You can see it in the housing estates called Windsor Downs or Westminster Lawns, or in the way plummy English accents are used to mark status in ads for luxury goods.

Growth in Gaelscoileanna
So, to paraphrase a line from one of their own films (albeit one banned here for many years), what have the English ever done for us culturally?
It looks as though it’s now possible to answer “quite a lot” without being accused of being, in one of Hyde’s most lasting phrases, “a west-Briton”.
The recent growth in Gaelscoileanna is prompted more by a vision of the Irish language as a bulwark against cultural globalisation than anything else.
When taoiseach Leo Varadkar and prime minister Sadiq Khan meet in 2021 to commemorate the centenary of the Treaty, the notion that Irish cultural identity has to mean aggressive non-Englishness should finally be consigned to rest.

As for English cultural identity, that’s another matter entirely.

Hugh Lineman

The mystery French lady who visits Michael Collins’ grave every year

A mysterious French lady will visit Michael Collins' grave once again this year, continuing a 15 year tradition since she fell in love with the Irish revolutionary after watching the movie Michael Collins.
She is known as the “Mysterious French Lady” and she appears like clockwork at his grave and lays them down gently before saying a prayer.

The woman has been identified as Veronique Crombie a lecturer at the French National Museum who admits to a passionate love for the Irish revolutionary.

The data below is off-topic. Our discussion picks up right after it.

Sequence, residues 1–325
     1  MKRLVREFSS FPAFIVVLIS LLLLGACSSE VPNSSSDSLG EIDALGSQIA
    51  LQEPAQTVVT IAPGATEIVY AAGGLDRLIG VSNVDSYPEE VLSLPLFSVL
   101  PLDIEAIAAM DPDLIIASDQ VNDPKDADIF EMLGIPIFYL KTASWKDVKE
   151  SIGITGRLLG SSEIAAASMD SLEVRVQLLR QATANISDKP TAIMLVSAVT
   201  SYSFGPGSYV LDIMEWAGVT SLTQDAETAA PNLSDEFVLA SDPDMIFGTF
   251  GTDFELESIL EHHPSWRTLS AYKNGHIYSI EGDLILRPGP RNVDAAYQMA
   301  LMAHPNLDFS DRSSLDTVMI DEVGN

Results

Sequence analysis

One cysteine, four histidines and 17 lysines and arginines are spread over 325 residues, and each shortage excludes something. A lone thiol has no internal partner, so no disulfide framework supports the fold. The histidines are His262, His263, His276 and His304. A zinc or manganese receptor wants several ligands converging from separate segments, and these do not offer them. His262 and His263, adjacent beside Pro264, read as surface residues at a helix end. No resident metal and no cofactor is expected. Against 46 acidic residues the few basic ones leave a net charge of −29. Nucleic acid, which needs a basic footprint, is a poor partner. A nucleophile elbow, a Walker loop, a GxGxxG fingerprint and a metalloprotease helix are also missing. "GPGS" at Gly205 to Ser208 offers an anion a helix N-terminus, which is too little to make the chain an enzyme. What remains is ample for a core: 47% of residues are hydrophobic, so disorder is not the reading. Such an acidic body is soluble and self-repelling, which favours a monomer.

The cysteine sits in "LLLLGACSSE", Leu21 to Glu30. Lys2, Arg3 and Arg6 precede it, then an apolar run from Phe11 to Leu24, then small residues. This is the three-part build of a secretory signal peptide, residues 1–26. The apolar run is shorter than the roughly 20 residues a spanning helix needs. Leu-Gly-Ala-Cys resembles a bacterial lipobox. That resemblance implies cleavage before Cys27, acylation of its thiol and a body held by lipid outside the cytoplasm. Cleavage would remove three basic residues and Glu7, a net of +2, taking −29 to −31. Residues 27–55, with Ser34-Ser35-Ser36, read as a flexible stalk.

The 55-year old academic explains her love for the patriot after she saw the movie.
"The draw of seeing the Neil Jordan (director) film three years after it was released appeared to me that it was more than an excellent actor giving a great performance, Michael's life story was finally being told [to the world]," explains the intensely private woman.

She said she cannot explain the magnetism and draw that Collins has on her. Veronique told the Sunday Independent how she was attending an Indian classical dance workshop in the south of France in August 2000 when she felt the inexplicable need to rush to a nearby cathedral and light a candle for Collins.
“On the 22nd, the date he was shot dead, was the decisive moment which helped me understand that definitely, sooner of later I would have to go to Ireland to know more and that going to his grave would show me the way. That Michael himself was drawing me to continue on his story,” she said. “I’m not the only one who feels that way, my friend, author Chrissy Osborne, told me time and again, when she published her first book about Michael, Michael Collins Himself and also the second one, Michael Collins, A Life in Pictures, that she had always felt that it was Michael who wanted those two books to be written and published because both were a different approach to recounting his life.

Michael Collins in London
Having no Irish connections that she knows of, she cannot explain why this "draw" to mark and carry on his name has taken such a hold. But her journeys to Ireland have created friendships that carry the history of the Cork man who died 98 years ago.
An annual candlelight ceremony at his grave, is when she plans to visit Glasnevin Cemetery again.

"The amazing thing was indeed that Mercier Press immediately agreed and wanted to go ahead when Chrissy contacted them to talk about her project, even though she was not a historian, had never written a book and wasn't even a journalist.
Veronique also adds that: "Amazingly, that is also what I felt when I saw Michael Collins -- a Musical Drama, in 2009 . . . The musical was just fantastic, I know it was very special for Bryan Flynn who wrote it and Eoin Cannon who played the part on the three occasions I saw it, and gave a fabulous performance." All three are now good friends. Finally, visiting Collins's grave was a powerful moment for Veronique.